DANGEROUS EXILE. J. Arthur Rank, UK, 1957. Louis Jourdan, Belinda Lee, Keith Michell, Richard O’Sullivan, Martita Hunt, Finlay Currie, Anne Heywood, Brian Rawlinson. Based on the novel A King Reluctant by Vaughan Wilkins. Director: Brian Desmond Hurst.


   History, once in a while, rises to the occasion and outpaces and outdates historical fiction, sometimes in flashy fashion and sometimes not. Either way, does the truth always out? We hope so.

   Dangerous Exile is a film that takes place at the time of the French Revolution, centering as it does upon ten year old Louis XVII, son of Louis XVI and Marie Antoinette and the heir to the throne when his parents are beheaded.

   In this film he makes his way to a mansion on the coast of Wales in a hot air balloon, a very neat conceit at the time the movie was made. As is known now, this could not have happened. The Dauphin died in a Parisian prison cell, still only a little boy, as verified by DNA tests made not so many years ago.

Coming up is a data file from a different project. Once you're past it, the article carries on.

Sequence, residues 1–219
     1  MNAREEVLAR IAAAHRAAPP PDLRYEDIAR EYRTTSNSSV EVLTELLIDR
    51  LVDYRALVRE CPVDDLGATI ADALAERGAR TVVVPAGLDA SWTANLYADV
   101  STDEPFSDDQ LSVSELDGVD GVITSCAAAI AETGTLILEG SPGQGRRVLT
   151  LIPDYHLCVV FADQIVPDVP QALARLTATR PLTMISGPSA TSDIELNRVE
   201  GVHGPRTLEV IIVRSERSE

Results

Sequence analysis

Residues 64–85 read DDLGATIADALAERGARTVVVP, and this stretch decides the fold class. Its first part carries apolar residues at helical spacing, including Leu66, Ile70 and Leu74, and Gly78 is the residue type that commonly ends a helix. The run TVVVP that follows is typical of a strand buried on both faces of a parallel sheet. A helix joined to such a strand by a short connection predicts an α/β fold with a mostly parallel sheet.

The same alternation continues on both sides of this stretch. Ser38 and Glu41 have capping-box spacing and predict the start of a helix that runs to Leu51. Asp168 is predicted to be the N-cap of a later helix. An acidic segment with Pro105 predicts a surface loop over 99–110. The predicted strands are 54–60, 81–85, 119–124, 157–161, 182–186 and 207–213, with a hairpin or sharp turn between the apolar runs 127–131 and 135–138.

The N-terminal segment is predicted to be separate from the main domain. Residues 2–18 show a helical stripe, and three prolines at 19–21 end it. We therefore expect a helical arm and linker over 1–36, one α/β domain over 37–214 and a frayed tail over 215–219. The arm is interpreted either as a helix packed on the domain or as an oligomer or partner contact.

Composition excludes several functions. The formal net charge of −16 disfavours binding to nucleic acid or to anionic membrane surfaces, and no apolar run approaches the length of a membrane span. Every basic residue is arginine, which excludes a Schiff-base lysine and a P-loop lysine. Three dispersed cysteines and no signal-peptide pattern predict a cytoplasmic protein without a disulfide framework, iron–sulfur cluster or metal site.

But let’s go with the fiction. Even if Mars is uninhabitable, the story’s the the thing, as fans of Edgar Rice Burroughs know full well. In Wales the young lad taken in by some British gentry, and to tell you the truth, I like this version of the story better, truth or not.


   Louis Jourdan plays a French aristocrat who smuggles the lad out of his home land, leaving his own son behind to play the part in the would-be king’s place, while Belinda Lee, an American visiting her British aunt, is the woman in whose charge the boy is placed.

   His life, of course, is much happier there, having witnessed at least the death of his mother, and he soon no longer wishes to be king. Richard O’Sullivan, who plays the young boy to perfection – even the smile-producing scene in which he proposes marriage to the beautifully buxom Miss Lee is done well – later became a fixture on British TV, but to all intents and purposes is totally unknown in this country.

   Knowing more about the intrigue that was going on in France at the time will boost your enjoyment of the story as it goes along, and truth be known, this is a failure I find in myself. Even so, if good old-fashioned swordplay is what you are looking for in movies like this, the action toward the end of the film picks up noticeably, and it’s worth waiting for. (And unlike the photos to the left and above, the film is in color.)

   Dangerous Exile is a minor film, I admit, but when I happened to watch it, it was exactly what I wanted to see at the time.